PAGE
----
Defining Sets


Calculated members are crucial in modeling business entities and values, but another, lesser-known feature—named sets—rivals the power of calculated members. Named sets are available with SQL Server 7.0 OLAP Services, but they become more powerful in SQL Server 2000 Analysis Services. In OLAP Services, you can define a set in one of two ways, both of which control the set's lifetime. One technique defines the set for the life of an MDX query; the second defines it for the life of a client session. Analysis Services adds a third technique that defines the set on the server so that the set is available to all clients. Sets that you define this way persist beyond sessions until you delete them.

You need to know a couple of things about sets. First, the scope of a set is a cube rather than a dimension, so a set can include members from more than one dimension. Second, technically speaking, a set consists of tuples. A tuple can be one dimension member or several dimension members, with no more than one member from each dimension. In most situations, a set consists of several members from one dimension; each member represents a tuple.

Here's an example of a set that exists for the lifetime of an MDX query:

WITH SET \[Best Beers\] AS '\{\[Portsmouth Imported Beer\], \[Walrus Imported Beer\]\}'
SELECT \[1997\].Children ON COLUMNS,
  \[Best Beers\] ON ROWS
FROM Sales

When you use the WITH keyword to define a set in a query, as you do with this technique, you don't need to specify which cube the set belongs to because the FROM clause contains that information. However, the second technique of using the CREATE SET command to create a set requires a cube name:

CREATE SET \[Sales\].\[Best Beers\] AS '\{\[Portsmouth Imported Beer\], \[Walrus Imported Beer\]\}'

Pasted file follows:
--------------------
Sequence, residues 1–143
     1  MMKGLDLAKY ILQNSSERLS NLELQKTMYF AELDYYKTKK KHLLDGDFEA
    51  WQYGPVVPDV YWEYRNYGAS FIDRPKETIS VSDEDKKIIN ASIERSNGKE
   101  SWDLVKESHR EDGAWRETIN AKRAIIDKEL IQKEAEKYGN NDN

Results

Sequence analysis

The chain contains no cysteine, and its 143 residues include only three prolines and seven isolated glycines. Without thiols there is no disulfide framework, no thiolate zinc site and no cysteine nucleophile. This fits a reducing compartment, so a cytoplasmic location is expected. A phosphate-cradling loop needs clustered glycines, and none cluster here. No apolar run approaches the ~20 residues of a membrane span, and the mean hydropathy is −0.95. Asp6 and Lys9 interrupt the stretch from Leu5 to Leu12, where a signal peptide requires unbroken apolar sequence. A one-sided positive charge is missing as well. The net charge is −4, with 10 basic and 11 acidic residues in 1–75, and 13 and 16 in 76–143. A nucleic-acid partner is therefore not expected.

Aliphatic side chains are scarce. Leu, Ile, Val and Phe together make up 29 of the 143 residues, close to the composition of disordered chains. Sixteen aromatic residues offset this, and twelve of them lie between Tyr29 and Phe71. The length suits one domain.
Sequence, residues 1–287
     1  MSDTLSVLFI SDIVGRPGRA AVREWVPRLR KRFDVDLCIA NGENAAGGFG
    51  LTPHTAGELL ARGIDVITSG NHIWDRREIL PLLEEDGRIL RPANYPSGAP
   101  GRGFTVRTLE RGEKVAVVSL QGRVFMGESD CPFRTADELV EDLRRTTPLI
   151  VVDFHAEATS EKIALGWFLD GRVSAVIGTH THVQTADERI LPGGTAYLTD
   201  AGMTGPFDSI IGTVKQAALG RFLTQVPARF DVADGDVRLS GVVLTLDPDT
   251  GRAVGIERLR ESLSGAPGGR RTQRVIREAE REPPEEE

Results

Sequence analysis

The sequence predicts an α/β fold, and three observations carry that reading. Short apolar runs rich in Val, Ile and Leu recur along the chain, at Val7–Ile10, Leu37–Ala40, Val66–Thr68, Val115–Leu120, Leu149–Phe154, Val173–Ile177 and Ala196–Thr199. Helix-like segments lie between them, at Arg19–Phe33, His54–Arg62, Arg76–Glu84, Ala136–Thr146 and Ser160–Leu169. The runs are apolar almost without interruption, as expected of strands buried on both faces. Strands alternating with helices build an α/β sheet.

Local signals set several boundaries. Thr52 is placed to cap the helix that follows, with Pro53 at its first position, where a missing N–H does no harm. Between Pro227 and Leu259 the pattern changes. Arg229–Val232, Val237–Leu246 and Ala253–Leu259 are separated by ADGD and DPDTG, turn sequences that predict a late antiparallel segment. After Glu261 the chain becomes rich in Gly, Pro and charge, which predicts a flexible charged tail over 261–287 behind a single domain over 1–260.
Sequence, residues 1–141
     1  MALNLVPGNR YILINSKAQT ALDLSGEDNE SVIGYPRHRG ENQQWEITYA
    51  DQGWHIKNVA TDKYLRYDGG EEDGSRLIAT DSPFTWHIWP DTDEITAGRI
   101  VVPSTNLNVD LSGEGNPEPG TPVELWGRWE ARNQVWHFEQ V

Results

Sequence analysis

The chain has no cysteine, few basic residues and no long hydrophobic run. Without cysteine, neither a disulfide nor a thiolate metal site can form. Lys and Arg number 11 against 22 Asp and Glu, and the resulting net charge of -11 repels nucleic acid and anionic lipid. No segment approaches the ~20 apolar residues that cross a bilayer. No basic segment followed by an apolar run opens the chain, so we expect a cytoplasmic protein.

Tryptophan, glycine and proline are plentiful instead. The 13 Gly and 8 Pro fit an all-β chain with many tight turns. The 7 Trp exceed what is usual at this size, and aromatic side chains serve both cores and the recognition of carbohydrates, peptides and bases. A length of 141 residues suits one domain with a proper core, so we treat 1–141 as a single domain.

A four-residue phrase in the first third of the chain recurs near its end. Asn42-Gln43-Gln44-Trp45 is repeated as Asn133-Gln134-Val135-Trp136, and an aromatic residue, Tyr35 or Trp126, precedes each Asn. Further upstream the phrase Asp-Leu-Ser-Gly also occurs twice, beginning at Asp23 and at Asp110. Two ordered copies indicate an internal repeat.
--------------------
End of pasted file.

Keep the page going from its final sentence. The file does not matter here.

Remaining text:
You can execute this statement from a client session with OLAP Services, and the definition will persist until you terminate the session (exit your application) or until you use the DROP SET command. More advanced OLAP applications will remember these set definitions for you and recreate them each time you start the application. If you're going to use a set multiple times in a session, using CREATE SET is better than using the WITH clause because CREATE SET causes OLAP Services to cache the results of the set definition. In contrast, SQL Server must parse and evaluate the WITH clause each time the application passes the clause to OLAP Services.

The third technique you can use to create a set definition, available only in SQL Server 2000 Analysis Services, uses the Analysis Manager. From the cube editor (right-click a cube, and select Edit), you can drop down the Insert menu and select Named Set to bring up the Named Set Builder, which Figure 1 shows.

Having named sets on the server gives you power. You can create a collection of named sets that represent your business entities. You can then base OLAP reports for distribution on those definitions. Later, you can change the sets' definitions without rebuilding the cube. For example, if you have a named set called Last 4 Quarters, you can roll the definition forward each time you load a new quarter's data in the cube.

If you're developing a client application and want to take advantage of server-defined sets (named sets that you can define on the server through Analysis Manager), you need to know about the set schema rowset. ActiveX Data Object, Multi-Dimensional (ADO MD) exposes all the OLAP meta data through schema rowsets. For example, each list of cubes, dimensions, levels, and other information has a schema rowset. Each server-defined set has a schema rowset that includes columns for the set name, set description, expression defining the list of tuples, and the dimensions that the set references. The dimensions column, which Microsoft included in later beta releases of SQL Server 2000, is important for front-end applications that use sets. Front-end applications that formulate MDX queries must not include members from the same dimension on different axes (rows or columns) of the query. The dimensions information tells the front end which dimensions the set uses so that the application won't use the same dimensions again on another query axis.